"This will help us stabilize the new Iraqi government. It will send a message to Iran, that they do not have a free hand in Iraq," Clinton said. "It will also send a message to Israel and our other allies, like Jordan, that we will continue to do what we can to provide the stability necessary to prevent the terrorists from getting any further foothold than they currently have."
In a thinly-veiled barb against the Bush administration, whose prewar intelligence on Iraq has been largely discredited, Clinton said, "It will not further our common goals or American ideals if we veer form evidence-based decision making, substituting instead ideology and arrogance."
Turning to the Israeli-Palestinian conflict, Clinton said the United States must guarantee both Israel's security and a "better future" for the Palestinians.
Though Clinton recalled a meeting with former Israeli Prime Minister Shimon Peres when they discussed Israel's responsibility to provide Palestinians with economic opportunity, she reserved most of her criticism for the current Palestinian leadership.
"No more excuses for the Palestinians," Clinton said. "They have to demonstrate clearly and unequivocally their commitment to a peaceful future and they have to also demonstrate their ability to deliver services to their people."
Upcoming Israeli and Palestinian elections will be pivotal to the region's future, Clinton added. But "what is not on a ballot and cannot be put into question is Israel's right to exist and exist in safety," Clinton said.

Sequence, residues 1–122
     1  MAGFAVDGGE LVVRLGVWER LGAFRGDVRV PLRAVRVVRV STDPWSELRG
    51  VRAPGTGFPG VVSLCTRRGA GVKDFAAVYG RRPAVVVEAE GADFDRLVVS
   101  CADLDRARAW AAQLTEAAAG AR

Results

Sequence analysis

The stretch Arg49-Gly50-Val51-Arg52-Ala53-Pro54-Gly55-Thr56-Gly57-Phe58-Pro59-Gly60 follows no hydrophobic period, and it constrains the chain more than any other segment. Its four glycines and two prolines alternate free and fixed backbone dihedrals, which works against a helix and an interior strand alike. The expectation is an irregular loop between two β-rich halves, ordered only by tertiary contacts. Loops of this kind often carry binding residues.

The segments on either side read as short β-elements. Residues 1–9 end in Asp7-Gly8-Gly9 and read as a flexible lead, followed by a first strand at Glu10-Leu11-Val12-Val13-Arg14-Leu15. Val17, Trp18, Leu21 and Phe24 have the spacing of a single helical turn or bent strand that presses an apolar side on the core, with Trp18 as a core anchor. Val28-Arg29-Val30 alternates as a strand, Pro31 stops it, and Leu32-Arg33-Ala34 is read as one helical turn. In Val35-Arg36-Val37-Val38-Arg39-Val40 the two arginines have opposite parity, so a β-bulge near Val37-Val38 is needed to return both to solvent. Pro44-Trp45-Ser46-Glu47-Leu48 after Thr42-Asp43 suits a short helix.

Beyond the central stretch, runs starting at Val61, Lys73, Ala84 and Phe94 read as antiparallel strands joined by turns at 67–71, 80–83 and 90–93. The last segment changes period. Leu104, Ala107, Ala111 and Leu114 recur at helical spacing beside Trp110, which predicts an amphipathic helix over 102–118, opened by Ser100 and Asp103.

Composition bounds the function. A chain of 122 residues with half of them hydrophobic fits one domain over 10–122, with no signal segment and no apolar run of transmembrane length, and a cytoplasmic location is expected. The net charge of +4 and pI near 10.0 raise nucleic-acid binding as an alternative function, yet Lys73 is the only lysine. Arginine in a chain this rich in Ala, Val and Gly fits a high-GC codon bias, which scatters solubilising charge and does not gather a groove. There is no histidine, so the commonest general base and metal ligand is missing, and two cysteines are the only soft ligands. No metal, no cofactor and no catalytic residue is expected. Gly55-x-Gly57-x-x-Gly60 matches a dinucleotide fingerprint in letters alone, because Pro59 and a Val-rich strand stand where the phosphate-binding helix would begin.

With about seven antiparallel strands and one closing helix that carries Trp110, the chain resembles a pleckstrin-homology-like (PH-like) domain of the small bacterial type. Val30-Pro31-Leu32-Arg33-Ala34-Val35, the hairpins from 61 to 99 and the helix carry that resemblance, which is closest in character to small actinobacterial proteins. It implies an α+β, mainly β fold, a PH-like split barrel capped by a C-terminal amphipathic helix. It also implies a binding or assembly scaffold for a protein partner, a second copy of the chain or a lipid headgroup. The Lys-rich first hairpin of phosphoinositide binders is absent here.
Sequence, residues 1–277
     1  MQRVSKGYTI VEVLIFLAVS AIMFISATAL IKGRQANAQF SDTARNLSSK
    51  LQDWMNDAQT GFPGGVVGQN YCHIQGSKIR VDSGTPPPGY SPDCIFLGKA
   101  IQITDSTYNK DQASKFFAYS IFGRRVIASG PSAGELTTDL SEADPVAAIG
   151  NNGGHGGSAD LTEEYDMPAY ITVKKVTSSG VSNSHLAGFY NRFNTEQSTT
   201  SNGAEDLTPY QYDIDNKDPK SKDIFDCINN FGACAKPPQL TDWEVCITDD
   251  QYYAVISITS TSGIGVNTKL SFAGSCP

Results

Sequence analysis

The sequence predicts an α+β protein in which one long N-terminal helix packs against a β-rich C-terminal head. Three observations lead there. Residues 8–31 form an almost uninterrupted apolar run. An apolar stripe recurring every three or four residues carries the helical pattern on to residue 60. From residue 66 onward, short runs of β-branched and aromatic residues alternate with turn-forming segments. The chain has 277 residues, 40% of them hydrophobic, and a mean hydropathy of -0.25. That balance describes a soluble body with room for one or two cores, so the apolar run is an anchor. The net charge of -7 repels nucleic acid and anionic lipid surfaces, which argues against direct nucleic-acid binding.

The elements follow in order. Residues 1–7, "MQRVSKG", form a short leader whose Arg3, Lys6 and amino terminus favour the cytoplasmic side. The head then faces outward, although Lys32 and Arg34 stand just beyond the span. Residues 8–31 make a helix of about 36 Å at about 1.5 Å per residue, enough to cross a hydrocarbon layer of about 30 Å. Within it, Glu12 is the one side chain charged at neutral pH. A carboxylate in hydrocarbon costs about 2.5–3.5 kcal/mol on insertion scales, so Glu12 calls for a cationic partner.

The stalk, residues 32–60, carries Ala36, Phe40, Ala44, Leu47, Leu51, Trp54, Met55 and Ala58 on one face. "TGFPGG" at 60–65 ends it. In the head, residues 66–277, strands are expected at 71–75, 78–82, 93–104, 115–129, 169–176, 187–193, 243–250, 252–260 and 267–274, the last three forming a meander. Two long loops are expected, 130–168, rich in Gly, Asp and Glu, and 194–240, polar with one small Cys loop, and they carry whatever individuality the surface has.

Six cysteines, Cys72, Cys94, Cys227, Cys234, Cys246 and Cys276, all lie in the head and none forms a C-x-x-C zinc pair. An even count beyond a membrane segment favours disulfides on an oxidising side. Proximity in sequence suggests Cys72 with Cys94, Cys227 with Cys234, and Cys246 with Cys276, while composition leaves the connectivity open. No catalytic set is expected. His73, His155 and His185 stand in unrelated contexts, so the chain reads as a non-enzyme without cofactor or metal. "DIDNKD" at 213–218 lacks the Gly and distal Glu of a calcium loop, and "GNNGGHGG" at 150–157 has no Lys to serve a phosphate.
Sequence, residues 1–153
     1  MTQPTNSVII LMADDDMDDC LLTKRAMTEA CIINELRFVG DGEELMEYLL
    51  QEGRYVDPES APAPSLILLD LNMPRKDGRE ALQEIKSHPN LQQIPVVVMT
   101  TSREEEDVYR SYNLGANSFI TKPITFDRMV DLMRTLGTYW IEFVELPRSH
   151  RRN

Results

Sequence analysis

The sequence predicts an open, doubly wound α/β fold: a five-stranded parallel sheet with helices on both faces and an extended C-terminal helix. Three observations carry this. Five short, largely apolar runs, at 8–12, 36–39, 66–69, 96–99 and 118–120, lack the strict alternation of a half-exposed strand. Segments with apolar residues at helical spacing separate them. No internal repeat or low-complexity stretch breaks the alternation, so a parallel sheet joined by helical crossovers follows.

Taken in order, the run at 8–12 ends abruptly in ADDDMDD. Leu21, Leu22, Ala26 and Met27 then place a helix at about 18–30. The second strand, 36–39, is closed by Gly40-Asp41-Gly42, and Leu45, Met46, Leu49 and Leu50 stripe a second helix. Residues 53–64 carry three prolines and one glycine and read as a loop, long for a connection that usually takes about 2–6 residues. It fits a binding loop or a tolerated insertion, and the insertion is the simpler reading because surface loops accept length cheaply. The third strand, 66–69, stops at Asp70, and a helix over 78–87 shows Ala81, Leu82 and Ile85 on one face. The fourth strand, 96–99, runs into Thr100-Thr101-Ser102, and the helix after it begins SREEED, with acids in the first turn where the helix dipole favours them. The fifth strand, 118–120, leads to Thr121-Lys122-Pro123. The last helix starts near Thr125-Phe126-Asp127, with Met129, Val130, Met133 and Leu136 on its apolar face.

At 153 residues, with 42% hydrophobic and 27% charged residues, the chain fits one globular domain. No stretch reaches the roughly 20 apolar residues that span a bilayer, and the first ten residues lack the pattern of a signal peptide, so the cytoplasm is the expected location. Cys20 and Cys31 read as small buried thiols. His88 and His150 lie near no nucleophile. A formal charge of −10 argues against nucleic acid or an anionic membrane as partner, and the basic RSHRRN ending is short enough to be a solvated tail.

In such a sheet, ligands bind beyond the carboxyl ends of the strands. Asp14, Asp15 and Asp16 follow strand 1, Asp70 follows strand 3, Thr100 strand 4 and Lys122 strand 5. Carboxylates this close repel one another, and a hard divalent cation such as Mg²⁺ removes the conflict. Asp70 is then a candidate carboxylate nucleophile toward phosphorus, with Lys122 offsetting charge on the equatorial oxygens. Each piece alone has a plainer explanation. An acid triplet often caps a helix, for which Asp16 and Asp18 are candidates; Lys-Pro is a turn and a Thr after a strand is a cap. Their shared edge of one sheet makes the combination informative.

Historical grudges present an unnecessary impediment to lasting peace among the Israelis and Palestinians, Clinton added. "What we have tried to do over the last 30 years, starting with President Carter, moving through other presidents including my husband, now this president, is to send a uniquely American message: It can get better, just get over it."
Clinton also spent several minutes discussing women's rights, which she described as essential for progress in the Middle East. She was cautiously optimistic of advances in women's rights in Afghanistan, Kuwait, Morocco, Bahrain and Saudi Arabia, acknowledging that while progress had been made, major obstacles to gender equity remained.
"I remember speaking out against the mistreatment of women by the Taliban in Afghanistan in the 1990s. It wasn't an issue that demanded a lot of attention in our country because it seemed so far away and disconnected form the everyday concerns of most Americans," Clinton said.
But, Clinton argued, sexism and misogyny are inextricable from the ideology of the Al Qaeda terrorists who attacked the United States on Sept. 11, 2001.
And though the United States should seek to advance values such as women's rights and democracy, the nation must act with humility, Clinton said.
"Any discussion of the Middle East, or really any part of the world, requires that Americans educate ourselves and understand the cultures with which we are dealing in order to be successful in advocating for these common goals and values," she said.
The evening did little to dispel speculation that Clinton will run for president in 2008.
In her opening remarks, Wilson School dean Anne-Marie Slaughter '80 quipped, "It is my honor and my pleasure to introduce the first woman president ... of Princeton," eliciting laughter from Clinton and loud applause before University President Shirley Tilghman took the stage to introduce Clinton.
After her speech, Clinton thanked students "for coming out tonight in the midst of finals."
"I don't mind at all being an excuse for procrastination," she joked, "but I can't keep going too much longer without fear of being blamed for whatever may befall you if you do not go back and study."
Related— Read the full text of Clinton's address
This Web update is not part of The Daily Princetonian's annual joke issue.